AnOther's Favourite Hotels on Film

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Eloise in Sunglasses, 1987
Eloise in Sunglasses, 1987Illustration by Hilary Knight; Courtesy of Scholastic

Inspired by Eloise, the girl who lives in a penthouse suite, here are 10 of the best views of hotel life in cinema history

As Kay Thompson and Hilary Knight’s enchanting children’s story goes, there once was a very mischievous little girl whose name was Eloise. She was six years old, she was a city child and she lived at the Plaza Hotel. Accompanied by her dog, Weenie, who looks like a cat, and a turtle named Skipperdee, who eats raisins, Eloise would endlessly roam the illustrious New York hotel in search of an adventure, attending weddings – whether invited or not - spying on debutantes as they went dancing, and even helping the maid to change the sheets. 

A fan of Eloise since childhood, actress, writer and director Lena Dunham paid tribute to her literary heroine by getting Hilary Knight’s iconic illustration tattooed to her lower back. When the renowned illustrator found out about a girl on TV who had an Eloise tattoo, he immediately wrote to her explaining who he was – an act that would later inspire the latest HBO documentary It’s Me, Hilary: The Man Who Drew Eloise, which Dunham not only produced, but also appears in. To celebrate the film’s release, we cast our minds back to the little girl who lived in a hotel and reflect on 10 of the greatest depictions of hotel life in film history.

The Beverly Wilshire Hotel in Pretty Woman (1990)
Welcome to Hollywood, the land of dreams and the place where Richard Gere found his pretty woman (happy 25th birthday). Sort of like a Cinderella story, that is if Cinderella was a hooker, wore thigh-high boots, and looked a lot like Julia Roberts, Vivian’s fairytale dreams come true when Edward picks her off the street and invites her to stay for a week in the Beverly Wilshire Hotel, where they eventually fall in love. Cue sex on the piano, long bubble baths, champagne and strawberry on room service, and endless reruns of old movies.

Bates Motel in Psycho (1960)
Weary from the long road? Why not check in to Bates Motels for a bite to eat and a place to rest your head. The handsome young owner will show you to your room. But remember; always lock your door when you take a shower.

The Overlook Hotel in The Shining (1980)
All work and no play makes Jack a dull boy. If you’re checking into the Overlook Hotel this winter there are a few things you need to know: beware of the ghost that lives in room 237, if you’re looking for a stiff drink head to the Gold Room where a ghostly bartender named Lloyd will fix you one, and in case of an emergency head to the garden maze and remove all axes from sight. Oh and remember, Redrum is murder spelt backwards.

The Hotel del Coronado in Some Like It Hot (1959)
Fleeing from the mob and need a place to stay? Then head to the Hotel del Coronado where Marilyn Monroe Aka Sugar Kane and her all-female band will be waiting for you. BYOD (bring your own disguise, duh!) and don’t go breaking Miss Kane’s heart or leaving her with the fuzzy end of a lollipop.

The Hotel Mon Signor in Four Rooms (1995)
Welcome to Quentin Tarantino and co.'s mysterious Hotel Mon Signor, our bellhop Ted (played by Tim Roth) will show you to the Honeymoon Suite. If you need anything, from assisting with spells, babysitting, taking part in a fantasy hostage scenario, or if you require anything from a block of wood to a ball of twine, please do not hesitate to ask.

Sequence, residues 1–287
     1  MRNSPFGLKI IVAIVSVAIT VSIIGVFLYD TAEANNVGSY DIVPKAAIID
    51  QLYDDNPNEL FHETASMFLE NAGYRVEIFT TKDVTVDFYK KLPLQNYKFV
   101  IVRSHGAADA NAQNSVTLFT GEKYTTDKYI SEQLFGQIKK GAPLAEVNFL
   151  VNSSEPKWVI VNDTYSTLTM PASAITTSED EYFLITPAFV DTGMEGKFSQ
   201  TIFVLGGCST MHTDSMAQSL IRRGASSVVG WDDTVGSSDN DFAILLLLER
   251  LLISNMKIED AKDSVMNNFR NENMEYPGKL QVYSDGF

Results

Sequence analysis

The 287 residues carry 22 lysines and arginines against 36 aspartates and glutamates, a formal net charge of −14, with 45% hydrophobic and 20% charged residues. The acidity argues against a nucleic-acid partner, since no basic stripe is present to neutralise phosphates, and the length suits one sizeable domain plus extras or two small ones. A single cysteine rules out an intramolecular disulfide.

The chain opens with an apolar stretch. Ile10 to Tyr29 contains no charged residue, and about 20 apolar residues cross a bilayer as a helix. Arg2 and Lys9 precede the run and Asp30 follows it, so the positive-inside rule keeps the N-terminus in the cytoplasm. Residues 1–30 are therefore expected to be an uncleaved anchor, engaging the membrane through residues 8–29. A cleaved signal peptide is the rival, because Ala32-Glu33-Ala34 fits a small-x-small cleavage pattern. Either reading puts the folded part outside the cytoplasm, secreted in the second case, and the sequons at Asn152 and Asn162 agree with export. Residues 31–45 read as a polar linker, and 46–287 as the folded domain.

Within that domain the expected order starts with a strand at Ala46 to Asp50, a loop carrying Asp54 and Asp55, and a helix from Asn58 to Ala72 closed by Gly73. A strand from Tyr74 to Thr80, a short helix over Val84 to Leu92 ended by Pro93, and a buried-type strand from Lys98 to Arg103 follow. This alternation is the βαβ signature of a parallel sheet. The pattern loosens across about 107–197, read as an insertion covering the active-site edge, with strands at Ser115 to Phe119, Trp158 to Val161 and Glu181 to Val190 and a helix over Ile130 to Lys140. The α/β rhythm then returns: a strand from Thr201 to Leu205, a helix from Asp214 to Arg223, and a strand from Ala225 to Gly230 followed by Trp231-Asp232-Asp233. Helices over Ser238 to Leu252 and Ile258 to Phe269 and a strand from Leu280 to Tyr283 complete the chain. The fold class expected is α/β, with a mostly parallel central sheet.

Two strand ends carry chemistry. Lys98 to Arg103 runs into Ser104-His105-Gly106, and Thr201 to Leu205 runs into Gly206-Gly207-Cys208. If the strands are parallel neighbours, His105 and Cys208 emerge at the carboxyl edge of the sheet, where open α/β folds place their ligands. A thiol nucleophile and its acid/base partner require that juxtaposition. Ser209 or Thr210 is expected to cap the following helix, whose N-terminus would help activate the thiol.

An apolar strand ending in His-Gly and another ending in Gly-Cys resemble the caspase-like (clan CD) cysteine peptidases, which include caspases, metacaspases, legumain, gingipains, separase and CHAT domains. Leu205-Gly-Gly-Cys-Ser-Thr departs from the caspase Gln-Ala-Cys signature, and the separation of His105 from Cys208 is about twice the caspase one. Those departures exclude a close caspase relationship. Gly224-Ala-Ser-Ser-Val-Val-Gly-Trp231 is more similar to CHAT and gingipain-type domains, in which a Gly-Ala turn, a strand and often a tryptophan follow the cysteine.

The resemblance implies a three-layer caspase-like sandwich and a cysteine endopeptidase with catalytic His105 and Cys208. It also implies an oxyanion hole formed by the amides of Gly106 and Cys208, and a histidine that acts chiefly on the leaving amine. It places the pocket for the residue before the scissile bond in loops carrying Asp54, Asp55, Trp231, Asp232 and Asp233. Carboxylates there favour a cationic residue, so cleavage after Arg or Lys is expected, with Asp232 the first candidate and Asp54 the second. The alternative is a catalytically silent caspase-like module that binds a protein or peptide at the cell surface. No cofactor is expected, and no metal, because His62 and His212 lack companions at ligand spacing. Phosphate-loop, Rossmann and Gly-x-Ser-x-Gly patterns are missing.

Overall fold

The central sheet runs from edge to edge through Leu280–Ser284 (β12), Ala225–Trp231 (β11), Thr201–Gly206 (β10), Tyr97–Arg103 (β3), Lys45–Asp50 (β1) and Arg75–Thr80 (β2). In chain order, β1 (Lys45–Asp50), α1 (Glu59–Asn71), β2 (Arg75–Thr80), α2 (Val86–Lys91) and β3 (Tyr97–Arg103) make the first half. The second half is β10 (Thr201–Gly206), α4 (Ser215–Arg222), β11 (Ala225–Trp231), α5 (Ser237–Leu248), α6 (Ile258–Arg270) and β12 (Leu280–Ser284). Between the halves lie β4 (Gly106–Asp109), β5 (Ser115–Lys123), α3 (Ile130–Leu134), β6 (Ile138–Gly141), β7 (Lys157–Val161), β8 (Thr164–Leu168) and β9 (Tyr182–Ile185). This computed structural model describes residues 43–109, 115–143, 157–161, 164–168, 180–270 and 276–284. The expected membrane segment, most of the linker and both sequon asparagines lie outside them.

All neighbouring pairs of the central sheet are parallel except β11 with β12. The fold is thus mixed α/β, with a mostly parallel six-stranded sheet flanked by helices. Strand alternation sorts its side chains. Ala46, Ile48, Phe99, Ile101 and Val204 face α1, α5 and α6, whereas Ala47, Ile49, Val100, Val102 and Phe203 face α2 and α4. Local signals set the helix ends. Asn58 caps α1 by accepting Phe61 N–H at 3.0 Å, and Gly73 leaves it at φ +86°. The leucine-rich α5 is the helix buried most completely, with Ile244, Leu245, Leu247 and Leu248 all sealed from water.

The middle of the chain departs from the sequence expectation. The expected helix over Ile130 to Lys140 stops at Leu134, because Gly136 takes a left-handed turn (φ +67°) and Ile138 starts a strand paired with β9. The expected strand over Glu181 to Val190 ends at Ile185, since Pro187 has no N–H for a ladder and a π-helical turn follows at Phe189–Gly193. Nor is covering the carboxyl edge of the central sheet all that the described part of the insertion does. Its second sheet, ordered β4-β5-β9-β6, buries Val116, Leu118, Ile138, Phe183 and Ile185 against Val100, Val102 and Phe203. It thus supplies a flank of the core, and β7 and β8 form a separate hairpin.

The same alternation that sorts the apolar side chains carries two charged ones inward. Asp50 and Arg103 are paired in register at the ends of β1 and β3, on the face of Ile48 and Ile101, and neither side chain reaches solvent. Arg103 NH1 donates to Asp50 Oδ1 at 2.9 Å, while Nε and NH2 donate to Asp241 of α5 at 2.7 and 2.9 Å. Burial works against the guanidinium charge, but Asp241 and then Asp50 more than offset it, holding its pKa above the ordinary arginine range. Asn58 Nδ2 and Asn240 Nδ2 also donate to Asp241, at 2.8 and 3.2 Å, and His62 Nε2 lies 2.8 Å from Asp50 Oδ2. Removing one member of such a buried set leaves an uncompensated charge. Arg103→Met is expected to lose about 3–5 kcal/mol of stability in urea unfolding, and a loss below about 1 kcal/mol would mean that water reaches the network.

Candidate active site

The Grand Hotel, Berlin in Grand Hotel (1932)
Hotels – people come and go, nothing ever happens... Except for when you check in at the Grand Hotel in Berlin. From a jewel thieving baron who falls in love with a suicidal ballerina played by Greta Garbo to the dying accountant who runs off with Joan Crawford's aspiring actress, a great deal happens at the Grand.

The Shah Abbas Hotel in And Then There Were None (1974)
This is not a hotel you want to book into. Based on the Agatha Christie novel, ten strangers arrive at an abandoned hotel in the Iranian desert, only to discover that they have been brought together by a Mr U. N. Owen ("unknown") who accuses each of them of having committed murder. As the guests begin to die, the dwindling group – including a smouldering Oliver Reed and a stern Richard Attenborough – realise that one among them must be the killer. Cue mounting suspense and repeated reminders never to accept an invitation from a stranger. 

Hotel Excelsior in The Witches (1990)
Beware of the purple-eyed witches, with their itchy wigs, bald heads, stumped feet and gloves to hide their claws. Every year the Grand High Witch hosts a convention to discuss the coven’s progress on ridding the world of all its children. However, when they stop off at the Hotel Excelsior in Cornwall, things don’t go quite as they planned.

Hotel Chevalier in Hotel Chevalier (2007)
Before the Grand Budapest Hotel, Wes Anderson created the Hotel Chevalier – a golden hued homage to everyone's idea of the perfect Parisian idyll, with Anderson's signature exquisite detail rubbing up against the grubby reality of human emotion. Soundtracked by Peter Sarstedt's ode to the American perception of Paris, toothpick chewing gamine Natalie Portman and a mustachioed Jason Schwartzmann teeter on the brink of heartbreak – "I promise I will never be your friend, no matter what, ever" – while waiting for room service. 

The Park Hyatt Hotel in Lost in Translation (2003)
After a chance meeting in a hotel bar, an introduction over a cup of peanuts, and endless references to Suntory Whiskey, ageing action movie star Bob Harris and a young college graduate named Charlotte form an unlikely friendship that ultimately leads to love.

Find out more about It’s Me, Hilary: The Man Who Drew Eloise here.